|Loads 1 and 2.|
____ Load 1: Three drops in Missouri and each Bill of Lading is four pages long. One line for the load description and 3 and a half pages of instructions for the driver. A complete load of bollocks of out-dated information and conditions to be adhered to. If I am ever caught wearing a hair-net, or Heaven-forbid, a beard-net; you have my permission to shoot me. But first, I have two days of southbound driving in the rain. Interrupted by a Level 1 DoT examination at the Watson scale on the northern state-line of Missouri. Everything was in order except the brake-lights on the trailer, a violation that I was able to correct by switching a couple of relays in the Volvo's fuse-box. The throttle-pedal is now disabled but once the inspecting officer has given permission to leave; I can switch the relays back and continue. Clinton, the first drop, unloads me when I arrive in the evening; expecting problems. So much for the rules on the bills. On to Hazelwood before noon and down to Jackson with the last drop off before two.
|Custom Kenworth T800, rarer than a "Vote Trump" sticker on a Prius.|
____ Load 2: To Memphis, Tennessee, and a Mid-day pick-up at a logistics warehouse that has never loaded two trucks for Canada on the same day. Confusion reigns; a load of hardware for Home Depot and a load for a Home Hardware depot. I still don't know if I got the right stuff on my trailer, but as I was only taking it to Penner's Mississauga terminal, I soon gave up worrying. I was up to Monroe in Michigan when I began worrying when the customs clearance was going to come through. It didn't arrive and I muddled through by putting the load in "bond." The trailer still went to the terminal.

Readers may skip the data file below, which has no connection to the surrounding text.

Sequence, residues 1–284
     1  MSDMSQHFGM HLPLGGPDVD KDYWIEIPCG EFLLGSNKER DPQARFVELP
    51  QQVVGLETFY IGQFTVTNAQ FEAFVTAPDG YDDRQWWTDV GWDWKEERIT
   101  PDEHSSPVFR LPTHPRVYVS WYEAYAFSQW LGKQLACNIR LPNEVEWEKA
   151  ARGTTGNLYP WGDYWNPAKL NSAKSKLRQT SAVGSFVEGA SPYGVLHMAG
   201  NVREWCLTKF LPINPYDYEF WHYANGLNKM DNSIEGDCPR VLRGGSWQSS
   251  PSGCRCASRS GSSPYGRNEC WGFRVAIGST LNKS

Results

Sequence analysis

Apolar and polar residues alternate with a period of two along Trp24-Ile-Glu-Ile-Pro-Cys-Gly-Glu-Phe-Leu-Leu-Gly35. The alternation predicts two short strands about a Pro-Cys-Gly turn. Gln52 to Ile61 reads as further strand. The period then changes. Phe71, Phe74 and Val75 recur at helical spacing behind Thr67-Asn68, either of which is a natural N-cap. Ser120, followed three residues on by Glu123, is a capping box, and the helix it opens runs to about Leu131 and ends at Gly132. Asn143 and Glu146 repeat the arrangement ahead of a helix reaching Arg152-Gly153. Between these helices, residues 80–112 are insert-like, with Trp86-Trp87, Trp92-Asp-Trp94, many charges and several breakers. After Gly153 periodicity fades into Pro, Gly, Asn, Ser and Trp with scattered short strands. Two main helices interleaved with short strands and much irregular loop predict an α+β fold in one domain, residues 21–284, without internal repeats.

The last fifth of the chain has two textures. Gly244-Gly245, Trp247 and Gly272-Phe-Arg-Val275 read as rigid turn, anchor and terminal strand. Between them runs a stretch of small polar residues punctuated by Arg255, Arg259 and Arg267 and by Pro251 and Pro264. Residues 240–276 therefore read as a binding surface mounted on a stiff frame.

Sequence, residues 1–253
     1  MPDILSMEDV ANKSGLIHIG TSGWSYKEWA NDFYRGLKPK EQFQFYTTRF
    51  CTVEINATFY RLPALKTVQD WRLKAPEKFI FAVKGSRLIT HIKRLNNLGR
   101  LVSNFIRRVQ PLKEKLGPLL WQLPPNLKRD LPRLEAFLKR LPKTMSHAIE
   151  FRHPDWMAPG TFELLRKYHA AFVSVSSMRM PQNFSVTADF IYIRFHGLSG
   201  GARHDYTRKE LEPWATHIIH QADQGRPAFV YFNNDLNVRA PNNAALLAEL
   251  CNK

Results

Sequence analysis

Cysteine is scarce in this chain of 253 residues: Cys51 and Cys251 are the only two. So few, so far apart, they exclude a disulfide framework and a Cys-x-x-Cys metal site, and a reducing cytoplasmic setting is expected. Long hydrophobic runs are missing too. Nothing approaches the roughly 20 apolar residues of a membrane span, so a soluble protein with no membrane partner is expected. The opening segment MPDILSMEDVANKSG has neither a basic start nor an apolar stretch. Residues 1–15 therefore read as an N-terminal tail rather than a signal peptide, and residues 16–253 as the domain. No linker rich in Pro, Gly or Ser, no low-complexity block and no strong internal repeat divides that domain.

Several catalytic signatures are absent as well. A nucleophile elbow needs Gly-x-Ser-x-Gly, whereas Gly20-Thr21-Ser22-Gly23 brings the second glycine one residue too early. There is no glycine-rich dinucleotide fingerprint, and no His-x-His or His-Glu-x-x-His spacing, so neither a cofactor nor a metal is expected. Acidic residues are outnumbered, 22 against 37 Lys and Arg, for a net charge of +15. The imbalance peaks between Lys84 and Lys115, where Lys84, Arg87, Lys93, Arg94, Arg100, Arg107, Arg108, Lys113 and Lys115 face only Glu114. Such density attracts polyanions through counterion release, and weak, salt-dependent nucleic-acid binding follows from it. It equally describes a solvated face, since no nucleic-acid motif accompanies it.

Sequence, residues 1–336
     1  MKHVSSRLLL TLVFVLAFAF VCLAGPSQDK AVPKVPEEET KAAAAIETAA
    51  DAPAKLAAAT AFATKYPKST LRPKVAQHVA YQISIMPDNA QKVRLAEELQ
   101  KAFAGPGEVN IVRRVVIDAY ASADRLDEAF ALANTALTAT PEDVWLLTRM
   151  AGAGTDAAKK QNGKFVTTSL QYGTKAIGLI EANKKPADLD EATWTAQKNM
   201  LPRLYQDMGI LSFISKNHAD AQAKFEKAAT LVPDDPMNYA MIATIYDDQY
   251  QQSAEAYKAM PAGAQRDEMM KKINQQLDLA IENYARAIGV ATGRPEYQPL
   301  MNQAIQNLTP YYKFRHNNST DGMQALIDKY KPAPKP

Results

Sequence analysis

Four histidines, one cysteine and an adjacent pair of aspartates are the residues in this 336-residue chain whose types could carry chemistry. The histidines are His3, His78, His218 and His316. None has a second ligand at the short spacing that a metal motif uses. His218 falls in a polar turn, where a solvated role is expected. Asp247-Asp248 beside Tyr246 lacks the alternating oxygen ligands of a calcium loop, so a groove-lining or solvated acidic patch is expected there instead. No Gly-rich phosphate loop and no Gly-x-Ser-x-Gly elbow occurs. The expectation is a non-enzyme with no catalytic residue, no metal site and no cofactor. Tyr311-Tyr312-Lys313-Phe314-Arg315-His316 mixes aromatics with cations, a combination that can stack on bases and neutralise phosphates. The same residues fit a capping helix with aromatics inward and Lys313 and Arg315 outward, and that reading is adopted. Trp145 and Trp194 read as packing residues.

|Loads 3, 4 and 5.|
____ Load 3: Going back into the States, straight after bringing out a load, always causes problems with the log book hours. I have enough time to get down to Dwight, Illinois, so cannot refuse the load. An afternoon delivery gives me plenty of time; Sunday afternoon to Monday afternoon. A heavy load with the trailer legs sunk in the soft ground; a lung-bursting wrench on the handle for twenty minutes before I can hitch-up and go. Paper to a print works but six o'clock in the evening before I am empty and on to the Petro at Rochelle for the night.
|Another day, another bay.|
____ Load 4: A warehouse in the heart of Milwaukee and five Penner trucks, all loading for Regina in Saskatchewan. Just seven hours for the Tuesday and eight for the Wednesday; nights at Wilson and Bismarck, long nights. An early start on Thursday gets me across the border and to Regina; second to load, second to unload
|Six red Prince Edward Island trucks weekending in Mississauga.|
____ Load 5: A well trodden path, Regina to Yorkton for a trailer switch. But how I was detained for three hours is annoying. The mill wanted to load my trailer, then found glass on the floor of the trailer. It looked like ice-melting crystals to me. Eventually I get a loaded trailer to take back to Steinbach but my day is over. Sixteen hour spread-over and a spot at Yorkton's Humptys. Back to the yard on a Friday morning with snow flurries.
|TIR plate and RO sticker; could have been Nadlac and not Windsor, Ontario.|